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South v. New Jersey Department of Corrections

United States District Court, D. New Jersey

April 30, 2019

JEREMY D. SOUTH, Plaintiff,
v.
NEW JERSEY DEPARTMENT OF CORRECTIONS et al., Defendants.

          MEMORANDUM OPINION

          FREDA L. WOLFSON United States District Judge

         Plaintiff pro se, Jeremy D. South (“South” or “Plaintiff), a state prisoner presently incarcerated at South Woods State Prison, in Bridgeton, New Jersey, filed a Complaint alleging claims under 42 U.S.C. § 1983 and the New Jersey Civil Rights Act. (ECF No. 1.) The Court initially terminated the action, as the Complaint was accompanied by a defective application to proceed in forma pauperis. (ECF No. 3.) South subsequently filed a proper in forma pauperis application. (ECF No. 5.)

         On October 31, 2018, the Court screened the Complaint under 28 U.S.C. §§ 1915(e) and 1915A, and dismissed it without prejudice for failure to state a claim upon which relief could be granted.[1] (ECF Nos. 6 & 7.) The Complaint's dismissal resulted from, among other problems, South's failure to plead that any defendant had shown deliberate indifference to his medical conditions. (See ECF No. 6 at 8-11.) Indeed, the Court noted that “defendants did, in fact, provide significant medical care to South, ” and that South had not alleged “that defendants refused to treat [him], prevented him from receiving the care required or delayed treatment in such a way that exacerbated his medical condition.” (Id. at 10.) South was given leave to submit a proposed amended complaint to cure the Complaint's deficiencies within thirty days. (ECF No. 7.)

         On February 4, 2019, the Court received a letter from South inquiring as to the status of his action and indicating that he had mailed the Court an amended complaint on November 20, 2018. (ECF No. 8.) As the Court had not received any Amended Complaint, South was provided another 30 days to re-submit that pleading accompanied by proof that he had originally mailed it within the 30-day period permitted. (ECF No. 9.)

         South thereafter resubmitted his November 20, 2018 filing, along with a postage remit bearing the same date. (See ECF No. 10 at 4-5.) What South describes as his “first amended complaint, ” is a one-page letter in which he indicates that he is “requesting that the above-captioned matter be dismissed, without prejudice.” (ECF No. 10 at 4.) Among the reasons given for requesting dismissal of the action is the fact that South underwent additional surgery after filing the Complaint and “[i]t is too early to determine whether or not the recent surgery has corrected the medical issues that were raised in [his] initial complaint.” (Id.) South also contends that “[d]ismissal of this matter at this time, without prejudice, will result in little, if any, prejudice to the named defendants.” (Id.)

         Somewhat confusingly, the three-page cover letter accompanying this filing seems to indicate a desire to continue litigating this action.[2] (See ECF No. 10 at 1-3.) South alleges that his second surgery did not improve his symptoms and, if anything, aggravated them. (Id. at 1- 2.) South divides his grievance into three categories: (1) the original misdiagnosis of his condition, resulting in unnecessary surgery; (2) the pain and discomfort caused by subsequent procedures; and (3) the ultimate failure to remedy his original symptoms. (Id. at 2.)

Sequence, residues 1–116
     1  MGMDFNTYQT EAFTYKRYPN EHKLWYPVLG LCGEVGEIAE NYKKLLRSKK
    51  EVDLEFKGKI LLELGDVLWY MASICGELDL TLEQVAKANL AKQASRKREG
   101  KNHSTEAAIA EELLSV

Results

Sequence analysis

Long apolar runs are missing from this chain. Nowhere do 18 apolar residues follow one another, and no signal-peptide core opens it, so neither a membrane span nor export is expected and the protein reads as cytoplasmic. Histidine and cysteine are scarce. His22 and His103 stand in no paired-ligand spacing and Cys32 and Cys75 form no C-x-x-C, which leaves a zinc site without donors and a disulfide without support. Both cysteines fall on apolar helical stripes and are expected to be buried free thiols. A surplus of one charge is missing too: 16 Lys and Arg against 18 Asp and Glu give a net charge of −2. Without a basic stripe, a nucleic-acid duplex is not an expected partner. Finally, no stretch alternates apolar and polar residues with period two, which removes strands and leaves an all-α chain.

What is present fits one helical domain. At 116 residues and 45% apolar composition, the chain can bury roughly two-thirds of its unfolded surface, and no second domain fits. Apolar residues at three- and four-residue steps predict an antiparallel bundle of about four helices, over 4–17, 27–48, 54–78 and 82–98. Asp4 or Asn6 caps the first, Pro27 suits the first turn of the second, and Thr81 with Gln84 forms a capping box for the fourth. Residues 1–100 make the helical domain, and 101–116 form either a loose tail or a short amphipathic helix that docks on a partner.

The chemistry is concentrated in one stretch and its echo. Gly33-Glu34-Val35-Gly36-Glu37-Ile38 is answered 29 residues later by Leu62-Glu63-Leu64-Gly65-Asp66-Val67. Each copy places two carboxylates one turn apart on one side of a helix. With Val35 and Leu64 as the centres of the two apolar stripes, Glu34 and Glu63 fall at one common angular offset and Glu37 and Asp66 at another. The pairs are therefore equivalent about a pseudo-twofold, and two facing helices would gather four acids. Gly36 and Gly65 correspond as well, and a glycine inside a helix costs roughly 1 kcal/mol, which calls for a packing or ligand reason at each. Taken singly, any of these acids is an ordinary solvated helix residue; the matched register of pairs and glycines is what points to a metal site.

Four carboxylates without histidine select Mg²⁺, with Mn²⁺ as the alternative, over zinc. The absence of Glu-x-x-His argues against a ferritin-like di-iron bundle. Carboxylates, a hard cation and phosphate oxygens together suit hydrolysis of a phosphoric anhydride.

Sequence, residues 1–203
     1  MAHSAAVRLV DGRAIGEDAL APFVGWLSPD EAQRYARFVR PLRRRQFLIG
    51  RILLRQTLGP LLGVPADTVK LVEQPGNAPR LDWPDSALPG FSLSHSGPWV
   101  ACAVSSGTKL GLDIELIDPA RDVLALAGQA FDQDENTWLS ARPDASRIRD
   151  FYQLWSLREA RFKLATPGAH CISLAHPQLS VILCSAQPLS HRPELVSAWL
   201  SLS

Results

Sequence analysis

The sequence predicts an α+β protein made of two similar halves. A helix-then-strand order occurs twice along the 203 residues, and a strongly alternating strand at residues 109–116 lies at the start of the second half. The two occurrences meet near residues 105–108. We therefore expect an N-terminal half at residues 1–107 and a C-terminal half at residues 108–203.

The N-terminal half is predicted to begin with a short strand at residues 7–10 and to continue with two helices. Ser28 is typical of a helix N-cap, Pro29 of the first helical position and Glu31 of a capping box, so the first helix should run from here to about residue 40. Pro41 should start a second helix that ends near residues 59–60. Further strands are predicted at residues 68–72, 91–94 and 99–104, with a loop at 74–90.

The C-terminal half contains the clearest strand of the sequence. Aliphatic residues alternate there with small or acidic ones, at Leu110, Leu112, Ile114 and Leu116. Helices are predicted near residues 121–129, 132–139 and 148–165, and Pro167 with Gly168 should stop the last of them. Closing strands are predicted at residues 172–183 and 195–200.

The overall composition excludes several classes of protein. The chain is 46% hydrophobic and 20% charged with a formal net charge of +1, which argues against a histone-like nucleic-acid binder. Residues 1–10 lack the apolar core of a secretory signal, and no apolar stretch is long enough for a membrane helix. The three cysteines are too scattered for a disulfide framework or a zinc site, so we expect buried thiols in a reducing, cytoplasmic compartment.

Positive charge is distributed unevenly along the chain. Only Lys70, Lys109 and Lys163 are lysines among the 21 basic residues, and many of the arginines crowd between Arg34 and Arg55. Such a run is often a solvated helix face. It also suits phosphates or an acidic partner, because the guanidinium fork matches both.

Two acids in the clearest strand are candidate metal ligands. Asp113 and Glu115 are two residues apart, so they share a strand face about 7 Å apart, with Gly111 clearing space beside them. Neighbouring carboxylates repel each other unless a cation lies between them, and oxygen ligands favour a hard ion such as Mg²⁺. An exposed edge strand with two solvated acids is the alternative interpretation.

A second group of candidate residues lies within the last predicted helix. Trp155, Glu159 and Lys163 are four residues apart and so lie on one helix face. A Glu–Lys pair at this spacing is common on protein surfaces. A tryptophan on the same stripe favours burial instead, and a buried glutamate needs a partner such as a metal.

South also submitted an additional follow-up letter in which he reports that his symptoms are continuing and that he has not recovered from surgery as quickly as doctors said he would. (ECF No. 11.) He seems to request court leave to obtain a second opinion regarding his condition. (Id.)

         It is somewhat ambiguous from these submissions whether South seeks to continue this action or to voluntarily withdraw it. Regardless of his intent, however, it is clear that South has not met the conditions for reopening set in the Court's October 31, 2018, Order-specifically, he has not submitted a proposed amended complaint that addresses the deficiencies that resulted in the dismissal of the original Complaint. (See ECF No. 7.) Even if South's allegations in his recent letters formed part of a proposed amended complaint, they do not correct the original deficiencies, but, instead, seek to raise new factual allegations regarding subsequent events. (See ECF Nos. 10-11.) Furthermore, South has still not included any factual allegations to suggest that defendants refused to treat him or otherwise prevented or unduly delayed treatment. (See ECF Nos. 10-11.) Accordingly, to the extent that South seeks voluntary dismissal of his action, that request is granted, and, to the extent South seeks to amend his Complaint, that request is denied. As to South's requests in his most recent letter, (ECF No. 11), it is the role of this Court to determine what medical treatment South can or should receive.

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Notes:

[1] The Court additionally dismissed claims against the defendants in their official capacities with prejudice. (See ECF Nos. 6 & 7.)

[2] In the concluding paragraph, South describes it as a “letter-motion in lieu of amended pleading to proceed in a complaint towards defendants that w[]ere dismissed without ...


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